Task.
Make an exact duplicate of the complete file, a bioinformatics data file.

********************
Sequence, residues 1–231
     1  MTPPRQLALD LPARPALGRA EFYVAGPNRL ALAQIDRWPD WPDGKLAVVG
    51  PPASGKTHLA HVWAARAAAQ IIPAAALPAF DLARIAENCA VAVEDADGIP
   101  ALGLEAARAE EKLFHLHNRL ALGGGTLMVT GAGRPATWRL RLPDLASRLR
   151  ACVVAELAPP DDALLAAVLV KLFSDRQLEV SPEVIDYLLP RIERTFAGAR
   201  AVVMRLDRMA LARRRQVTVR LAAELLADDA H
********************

Sequence, residues 1–231
     1  MTPPRQLALD LPARPALGRA EFYVAGPNRL ALAQIDRWPD WPDGKLAVVG
    51  PPASGKTHLA HVWAARAAAQ IIPAAALPAF DLARIAENCA VAVEDADGIP
   101  ALGLEAARAE EKLFHLHNRL ALGGGTLMVT GAGRPATWRL RLPDLASRLR
   151  ACVVAELAPP DDALLAAVLV KLFSDRQLEV SPEVIDYLLP RIERTFAGAR
   201  AVVMRLDRMA LARRRQVTVR LAAELLADDA H